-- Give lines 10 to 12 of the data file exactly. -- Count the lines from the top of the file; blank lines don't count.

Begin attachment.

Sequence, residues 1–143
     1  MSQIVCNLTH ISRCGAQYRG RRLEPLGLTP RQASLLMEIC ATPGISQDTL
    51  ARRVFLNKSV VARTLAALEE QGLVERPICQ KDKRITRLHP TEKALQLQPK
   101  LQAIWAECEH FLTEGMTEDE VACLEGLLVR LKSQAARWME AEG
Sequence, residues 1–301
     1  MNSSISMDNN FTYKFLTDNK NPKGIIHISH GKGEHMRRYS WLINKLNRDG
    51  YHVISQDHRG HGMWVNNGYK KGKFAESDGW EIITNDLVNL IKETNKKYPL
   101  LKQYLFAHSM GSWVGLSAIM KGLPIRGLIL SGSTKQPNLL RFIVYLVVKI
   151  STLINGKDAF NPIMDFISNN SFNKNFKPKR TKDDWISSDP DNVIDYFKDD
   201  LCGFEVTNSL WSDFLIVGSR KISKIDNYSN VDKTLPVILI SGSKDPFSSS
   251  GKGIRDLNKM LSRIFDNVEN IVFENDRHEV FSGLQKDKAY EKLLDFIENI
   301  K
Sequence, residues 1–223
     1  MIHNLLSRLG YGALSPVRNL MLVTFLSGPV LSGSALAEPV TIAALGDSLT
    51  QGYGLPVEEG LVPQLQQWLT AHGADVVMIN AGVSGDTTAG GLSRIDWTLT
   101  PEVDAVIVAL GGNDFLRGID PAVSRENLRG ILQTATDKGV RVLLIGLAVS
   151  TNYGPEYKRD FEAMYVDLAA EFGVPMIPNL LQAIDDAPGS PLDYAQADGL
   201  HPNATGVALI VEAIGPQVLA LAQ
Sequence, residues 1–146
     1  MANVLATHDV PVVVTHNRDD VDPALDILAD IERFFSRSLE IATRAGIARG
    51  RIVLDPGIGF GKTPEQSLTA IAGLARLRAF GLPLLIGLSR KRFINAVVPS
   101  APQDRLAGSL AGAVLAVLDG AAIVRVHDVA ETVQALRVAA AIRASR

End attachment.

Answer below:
   201  LCGFEVTNSL WSDFLIVGSR KISKIDNYSN VDKTLPVILI SGSKDPFSSS
   251  GKGIRDLNKM LSRIFDNVEN IVFENDRHEV FSGLQKDKAY EKLLDFIENI
   301  K